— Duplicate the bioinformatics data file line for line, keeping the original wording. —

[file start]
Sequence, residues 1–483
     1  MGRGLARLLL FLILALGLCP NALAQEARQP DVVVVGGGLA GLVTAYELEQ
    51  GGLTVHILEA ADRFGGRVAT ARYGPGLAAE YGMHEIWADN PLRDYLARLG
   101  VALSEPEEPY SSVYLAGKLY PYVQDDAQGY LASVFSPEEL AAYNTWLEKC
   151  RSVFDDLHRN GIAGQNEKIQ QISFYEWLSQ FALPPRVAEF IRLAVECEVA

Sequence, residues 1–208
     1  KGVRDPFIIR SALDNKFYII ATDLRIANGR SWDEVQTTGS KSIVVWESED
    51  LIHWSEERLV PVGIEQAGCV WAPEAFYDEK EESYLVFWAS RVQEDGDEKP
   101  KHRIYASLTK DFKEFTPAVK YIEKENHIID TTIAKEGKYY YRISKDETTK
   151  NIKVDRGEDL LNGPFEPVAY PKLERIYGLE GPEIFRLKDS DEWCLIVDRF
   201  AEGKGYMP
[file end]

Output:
Sequence, residues 1–483
     1  MGRGLARLLL FLILALGLCP NALAQEARQP DVVVVGGGLA GLVTAYELEQ
    51  GGLTVHILEA ADRFGGRVAT ARYGPGLAAE YGMHEIWADN PLRDYLARLG
   101  VALSEPEEPY SSVYLAGKLY PYVQDDAQGY LASVFSPEEL AAYNTWLEKC
   151  RSVFDDLHRN GIAGQNEKIQ QISFYEWLSQ FALPPRVAEF IRLAVECEVA

Sequence, residues 1–208
     1  KGVRDPFIIR SALDNKFYII ATDLRIANGR SWDEVQTTGS KSIVVWESED
    51  LIHWSEERLV PVGIEQAGCV WAPEAFYDEK EESYLVFWAS RVQEDGDEKP
   101  KHRIYASLTK DFKEFTPAVK YIEKENHIID TTIAKEGKYY YRISKDETTK
   151  NIKVDRGEDL LNGPFEPVAY PKLERIYGLE GPEIFRLKDS DEWCLIVDRF
   201  AEGKGYMP